This event concluded on July 20, 2020. Please find a recording below.
Imagine an American democracy where the election system was designed to allow citizens to perform their most basic civic duty with ease and without obstruction. Imagine every citizen treating voting as a civic duty, a society where nearly everyone voted.
Our current crisis of governance has focused unprecedented public attention on intolerable inequities and demands that Americans think boldly and consider reforms that until now seemed beyond our reach. A new report from The Brookings Institution and the Ash Center for Democratic Governance and Innovation at Harvard Kennedy School explores the idea of requiring every eligible citizen to participate in our elections.
In 26 countries across the world, there is some form of civic duty voting. What would this system look like in the United States? How could universal civic duty voting change the dynamic of our elections and campaigning? Does this proposal pass constitutional muster? What do Americans think of civic duty voting? These questions and more are addressed in a forthcoming report, “Lift Every Voice: The Urgency of Universal Civic Duty Voting.”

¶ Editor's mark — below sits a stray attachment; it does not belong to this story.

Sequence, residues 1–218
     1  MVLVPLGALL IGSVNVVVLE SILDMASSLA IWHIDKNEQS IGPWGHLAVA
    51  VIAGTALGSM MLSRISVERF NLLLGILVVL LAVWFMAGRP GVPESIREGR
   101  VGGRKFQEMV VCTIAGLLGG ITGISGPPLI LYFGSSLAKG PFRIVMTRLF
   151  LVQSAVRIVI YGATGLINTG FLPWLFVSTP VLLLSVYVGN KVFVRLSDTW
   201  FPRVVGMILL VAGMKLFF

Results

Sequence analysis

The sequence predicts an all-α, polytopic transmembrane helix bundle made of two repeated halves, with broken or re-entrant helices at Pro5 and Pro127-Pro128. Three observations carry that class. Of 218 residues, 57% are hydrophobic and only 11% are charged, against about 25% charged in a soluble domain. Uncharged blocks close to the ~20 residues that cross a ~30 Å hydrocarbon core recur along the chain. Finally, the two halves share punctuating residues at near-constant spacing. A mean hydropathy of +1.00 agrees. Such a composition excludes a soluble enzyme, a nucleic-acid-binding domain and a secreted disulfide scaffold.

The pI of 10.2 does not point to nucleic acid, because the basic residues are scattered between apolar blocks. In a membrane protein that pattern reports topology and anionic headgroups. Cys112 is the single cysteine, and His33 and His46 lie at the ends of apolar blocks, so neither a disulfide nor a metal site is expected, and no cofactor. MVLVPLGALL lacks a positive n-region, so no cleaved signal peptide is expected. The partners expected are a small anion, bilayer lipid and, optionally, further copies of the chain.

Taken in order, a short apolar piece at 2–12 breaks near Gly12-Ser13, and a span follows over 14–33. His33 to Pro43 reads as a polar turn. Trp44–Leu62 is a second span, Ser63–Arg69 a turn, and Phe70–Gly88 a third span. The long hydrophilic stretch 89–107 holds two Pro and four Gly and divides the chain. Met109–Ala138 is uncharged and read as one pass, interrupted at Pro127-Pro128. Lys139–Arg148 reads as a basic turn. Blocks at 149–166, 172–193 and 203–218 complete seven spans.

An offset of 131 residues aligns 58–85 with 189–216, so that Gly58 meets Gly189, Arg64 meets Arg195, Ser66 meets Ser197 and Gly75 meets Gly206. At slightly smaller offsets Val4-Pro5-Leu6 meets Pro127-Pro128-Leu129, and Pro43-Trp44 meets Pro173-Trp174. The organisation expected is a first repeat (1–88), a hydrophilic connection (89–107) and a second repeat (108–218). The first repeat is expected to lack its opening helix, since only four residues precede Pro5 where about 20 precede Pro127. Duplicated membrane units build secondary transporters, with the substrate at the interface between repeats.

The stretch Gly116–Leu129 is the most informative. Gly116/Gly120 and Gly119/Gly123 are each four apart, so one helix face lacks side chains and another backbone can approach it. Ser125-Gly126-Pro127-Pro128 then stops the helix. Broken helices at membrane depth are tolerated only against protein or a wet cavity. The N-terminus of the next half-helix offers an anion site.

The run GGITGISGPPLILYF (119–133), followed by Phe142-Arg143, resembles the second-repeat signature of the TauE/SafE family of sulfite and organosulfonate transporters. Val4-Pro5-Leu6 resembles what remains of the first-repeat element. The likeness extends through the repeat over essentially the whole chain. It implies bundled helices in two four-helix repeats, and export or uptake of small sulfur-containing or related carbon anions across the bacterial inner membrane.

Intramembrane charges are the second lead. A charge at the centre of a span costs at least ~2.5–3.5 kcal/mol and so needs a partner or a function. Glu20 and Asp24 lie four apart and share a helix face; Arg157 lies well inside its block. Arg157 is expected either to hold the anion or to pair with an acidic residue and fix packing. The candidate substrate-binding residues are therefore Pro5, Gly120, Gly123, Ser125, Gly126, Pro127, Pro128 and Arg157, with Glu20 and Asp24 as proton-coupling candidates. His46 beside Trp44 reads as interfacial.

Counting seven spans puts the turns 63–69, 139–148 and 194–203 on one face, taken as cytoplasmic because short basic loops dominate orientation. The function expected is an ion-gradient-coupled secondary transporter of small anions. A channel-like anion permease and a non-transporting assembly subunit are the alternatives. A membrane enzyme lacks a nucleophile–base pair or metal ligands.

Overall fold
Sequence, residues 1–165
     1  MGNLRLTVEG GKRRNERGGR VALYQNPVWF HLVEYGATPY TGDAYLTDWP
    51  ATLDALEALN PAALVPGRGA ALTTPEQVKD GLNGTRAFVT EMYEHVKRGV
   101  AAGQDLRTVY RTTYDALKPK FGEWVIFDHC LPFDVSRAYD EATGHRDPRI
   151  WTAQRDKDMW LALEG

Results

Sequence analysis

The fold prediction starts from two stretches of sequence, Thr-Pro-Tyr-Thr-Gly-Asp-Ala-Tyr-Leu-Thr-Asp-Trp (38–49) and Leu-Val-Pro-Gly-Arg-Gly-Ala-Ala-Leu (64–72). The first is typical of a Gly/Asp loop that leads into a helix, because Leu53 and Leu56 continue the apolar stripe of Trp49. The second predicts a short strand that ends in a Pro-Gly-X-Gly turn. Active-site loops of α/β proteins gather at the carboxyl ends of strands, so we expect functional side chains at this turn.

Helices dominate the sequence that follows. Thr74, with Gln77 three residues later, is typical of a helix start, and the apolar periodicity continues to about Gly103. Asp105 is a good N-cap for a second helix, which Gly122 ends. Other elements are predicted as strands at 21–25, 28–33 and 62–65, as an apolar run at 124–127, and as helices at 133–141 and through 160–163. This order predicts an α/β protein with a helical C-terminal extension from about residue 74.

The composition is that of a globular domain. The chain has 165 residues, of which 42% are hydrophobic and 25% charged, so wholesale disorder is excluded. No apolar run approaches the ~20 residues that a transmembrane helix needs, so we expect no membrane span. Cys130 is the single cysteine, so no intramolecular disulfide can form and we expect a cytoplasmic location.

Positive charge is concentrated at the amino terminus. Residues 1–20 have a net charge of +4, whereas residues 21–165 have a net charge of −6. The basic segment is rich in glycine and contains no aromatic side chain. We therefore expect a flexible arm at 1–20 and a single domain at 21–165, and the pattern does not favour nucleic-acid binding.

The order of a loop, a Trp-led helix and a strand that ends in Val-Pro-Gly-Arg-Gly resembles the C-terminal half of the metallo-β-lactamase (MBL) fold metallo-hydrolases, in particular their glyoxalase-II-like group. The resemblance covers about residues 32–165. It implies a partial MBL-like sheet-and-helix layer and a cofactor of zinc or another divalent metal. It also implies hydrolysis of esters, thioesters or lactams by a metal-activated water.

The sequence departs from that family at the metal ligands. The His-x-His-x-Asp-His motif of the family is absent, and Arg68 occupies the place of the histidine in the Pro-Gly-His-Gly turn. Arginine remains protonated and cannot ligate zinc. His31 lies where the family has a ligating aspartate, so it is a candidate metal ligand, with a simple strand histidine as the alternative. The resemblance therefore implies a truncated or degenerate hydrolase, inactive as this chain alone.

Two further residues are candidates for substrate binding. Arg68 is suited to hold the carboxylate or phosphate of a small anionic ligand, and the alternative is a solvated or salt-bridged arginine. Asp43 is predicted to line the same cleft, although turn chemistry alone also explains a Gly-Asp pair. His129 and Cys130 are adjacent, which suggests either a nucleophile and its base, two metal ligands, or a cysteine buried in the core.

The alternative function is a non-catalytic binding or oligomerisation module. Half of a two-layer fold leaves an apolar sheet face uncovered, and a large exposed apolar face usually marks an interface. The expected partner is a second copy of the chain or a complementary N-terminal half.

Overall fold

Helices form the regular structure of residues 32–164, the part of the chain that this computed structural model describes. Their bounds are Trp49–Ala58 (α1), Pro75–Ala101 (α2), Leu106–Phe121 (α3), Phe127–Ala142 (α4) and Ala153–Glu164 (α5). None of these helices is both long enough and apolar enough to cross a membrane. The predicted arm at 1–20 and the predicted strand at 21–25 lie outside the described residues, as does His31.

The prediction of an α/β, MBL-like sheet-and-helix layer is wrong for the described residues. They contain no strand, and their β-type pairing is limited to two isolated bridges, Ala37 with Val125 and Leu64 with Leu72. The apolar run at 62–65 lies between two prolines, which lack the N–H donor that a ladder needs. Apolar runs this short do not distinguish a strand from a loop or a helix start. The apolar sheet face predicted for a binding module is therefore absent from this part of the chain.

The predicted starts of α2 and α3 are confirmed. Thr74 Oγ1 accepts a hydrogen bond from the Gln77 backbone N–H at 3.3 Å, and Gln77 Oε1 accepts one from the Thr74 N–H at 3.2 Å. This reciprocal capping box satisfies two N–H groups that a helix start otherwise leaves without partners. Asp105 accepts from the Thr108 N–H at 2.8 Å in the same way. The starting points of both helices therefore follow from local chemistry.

On July 20, Governance Studies at Brookings and the Ash Center for Democratic Governance and Innovation at Harvard Kennedy School will cohost a webinar to discuss key takeaways from the forthcoming paper on civic duty voting. Panelists will discuss the current state of our election system and transformative steps lawmakers can take to increase turnout and make our elections truly representative.
Cornell William Brooks
Hauser Professor of the Practice of Nonprofit Organizations and Professor of the Practice of Public Leadership and Social Justice - Harvard Kennedy School
Senior Advisor, Legal Strategies - Demos
President and CEO - Voto Latino
Associate Director-Counsel - NAACP Legal Defense and Educational Fund, Inc.
Senior Practice Fellow in American Democracy, Ash Center for Democratic Governance and Innovation - Harvard Kennedy School (Co-Moderator)
W. Averell Harriman Chair and Senior Fellow - Governance Studies (Co-Moderator)